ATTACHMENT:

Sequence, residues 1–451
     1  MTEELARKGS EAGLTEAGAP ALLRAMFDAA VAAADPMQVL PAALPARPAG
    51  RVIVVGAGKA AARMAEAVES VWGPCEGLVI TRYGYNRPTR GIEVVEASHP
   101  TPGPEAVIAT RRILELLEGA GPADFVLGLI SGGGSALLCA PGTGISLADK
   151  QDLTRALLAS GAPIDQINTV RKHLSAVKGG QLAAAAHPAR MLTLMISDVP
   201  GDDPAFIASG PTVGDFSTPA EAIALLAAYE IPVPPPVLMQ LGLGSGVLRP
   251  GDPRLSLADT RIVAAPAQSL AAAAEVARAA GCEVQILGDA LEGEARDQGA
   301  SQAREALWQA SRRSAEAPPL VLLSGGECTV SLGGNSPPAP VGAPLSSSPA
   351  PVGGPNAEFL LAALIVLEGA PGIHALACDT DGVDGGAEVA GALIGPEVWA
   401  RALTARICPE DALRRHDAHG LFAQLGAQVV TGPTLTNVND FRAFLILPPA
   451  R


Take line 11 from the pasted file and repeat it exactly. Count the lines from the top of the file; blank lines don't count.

   451  R